What happens when the politician uses this "blowback" theory to support a policy of not letting women have an education, or not allowing same-sex marriage? It's tantamount to saying that these are the problem, and these are what need to be addressed.




Post 9

Wednesday, November 21, 2007 - 5:16pmSanction this postReply
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In moral contrast, I had every right to use my freedom of speech as I saw fit. And yet, I can also acknowledge that if I had not made those remarks, the beating would not have occurred.
 
Ouch!
 
I wish I could see the parallel, but, alas, I fail.  What is the purpose of making the acknowledgment? Other than "so what?" how am I supposed to take the acknowledgment? What should I glean from it?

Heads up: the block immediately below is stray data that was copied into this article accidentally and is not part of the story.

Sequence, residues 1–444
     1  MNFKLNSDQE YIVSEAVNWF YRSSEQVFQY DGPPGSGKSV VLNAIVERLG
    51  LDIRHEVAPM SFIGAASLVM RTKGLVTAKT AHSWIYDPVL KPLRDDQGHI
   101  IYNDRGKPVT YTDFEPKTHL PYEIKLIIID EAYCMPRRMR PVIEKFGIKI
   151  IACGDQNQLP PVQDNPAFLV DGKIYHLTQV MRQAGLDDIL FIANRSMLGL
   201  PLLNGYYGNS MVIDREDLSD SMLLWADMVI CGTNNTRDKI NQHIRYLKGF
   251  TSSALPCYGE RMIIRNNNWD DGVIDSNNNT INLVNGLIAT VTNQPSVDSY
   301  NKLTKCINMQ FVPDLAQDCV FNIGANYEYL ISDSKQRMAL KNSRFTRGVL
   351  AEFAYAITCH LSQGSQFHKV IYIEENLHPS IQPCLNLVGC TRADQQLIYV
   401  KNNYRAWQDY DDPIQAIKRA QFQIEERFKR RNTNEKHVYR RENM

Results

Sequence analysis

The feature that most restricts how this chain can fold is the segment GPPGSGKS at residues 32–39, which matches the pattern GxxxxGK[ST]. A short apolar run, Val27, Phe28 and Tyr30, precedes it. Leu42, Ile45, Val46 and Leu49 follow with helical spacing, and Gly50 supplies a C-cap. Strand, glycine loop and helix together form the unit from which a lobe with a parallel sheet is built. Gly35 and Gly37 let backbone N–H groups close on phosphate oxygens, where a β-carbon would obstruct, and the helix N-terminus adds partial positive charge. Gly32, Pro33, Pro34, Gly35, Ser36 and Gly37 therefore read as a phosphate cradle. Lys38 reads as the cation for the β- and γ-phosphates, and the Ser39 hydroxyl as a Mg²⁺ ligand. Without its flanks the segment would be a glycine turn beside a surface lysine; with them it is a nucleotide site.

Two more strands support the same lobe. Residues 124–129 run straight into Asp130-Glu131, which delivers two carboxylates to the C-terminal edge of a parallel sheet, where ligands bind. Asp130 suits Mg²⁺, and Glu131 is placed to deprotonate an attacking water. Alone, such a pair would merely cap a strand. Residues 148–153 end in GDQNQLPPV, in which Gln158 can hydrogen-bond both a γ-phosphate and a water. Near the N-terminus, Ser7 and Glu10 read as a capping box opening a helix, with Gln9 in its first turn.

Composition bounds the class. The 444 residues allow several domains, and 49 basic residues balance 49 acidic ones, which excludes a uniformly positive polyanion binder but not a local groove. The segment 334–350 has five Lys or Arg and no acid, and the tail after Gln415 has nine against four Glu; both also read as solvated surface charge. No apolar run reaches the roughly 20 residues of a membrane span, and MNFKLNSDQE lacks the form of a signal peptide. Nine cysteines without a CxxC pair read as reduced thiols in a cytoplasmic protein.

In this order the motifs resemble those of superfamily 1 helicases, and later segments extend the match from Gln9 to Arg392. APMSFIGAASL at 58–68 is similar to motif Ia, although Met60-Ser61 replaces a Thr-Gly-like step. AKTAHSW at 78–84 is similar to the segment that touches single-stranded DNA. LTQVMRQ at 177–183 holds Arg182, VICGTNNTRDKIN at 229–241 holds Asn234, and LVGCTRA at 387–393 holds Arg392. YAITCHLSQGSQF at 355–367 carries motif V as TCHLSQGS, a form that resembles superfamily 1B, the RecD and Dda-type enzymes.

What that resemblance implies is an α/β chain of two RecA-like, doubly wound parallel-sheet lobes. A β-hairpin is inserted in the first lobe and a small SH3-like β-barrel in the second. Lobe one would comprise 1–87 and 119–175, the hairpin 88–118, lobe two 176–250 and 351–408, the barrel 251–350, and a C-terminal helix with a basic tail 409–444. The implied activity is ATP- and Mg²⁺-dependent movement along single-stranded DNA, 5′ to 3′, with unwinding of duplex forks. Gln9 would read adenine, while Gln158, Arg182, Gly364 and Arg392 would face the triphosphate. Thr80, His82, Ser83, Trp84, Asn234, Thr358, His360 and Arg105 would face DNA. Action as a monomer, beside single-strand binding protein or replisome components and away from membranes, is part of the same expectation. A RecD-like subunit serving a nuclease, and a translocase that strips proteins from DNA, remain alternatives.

Paul makes a similar acknowledgment (claim, really) because he's an isolationist, but you, Eric?? Naaaah...  I won't think it till you say so.
 
(crossed posted with Joe, which I haven't read yet!) 
 

(Edited by Teresa Summerlee Isanhart on 11/21, 5:18pm)




Post 10

Wednesday, November 21, 2007 - 6:37pmSanction this postReply
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Eric,

   I agree with your viewpoint and thought your analogy was a good one.  I wish more people saw it as clearly.  -Steve  




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Post 11

Wednesday, November 21, 2007 - 6:47pmSanction this postReply
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Eric,

After reading your high school analogy, I'm playing it out in my mind. You're a little beat up and bloody. Maybe the principal of the school comes by and sees you, and asks you what happened. You calmly explain the situation.

Now, imagine that he responds with, "Well, next time you should keep your mouth shut!"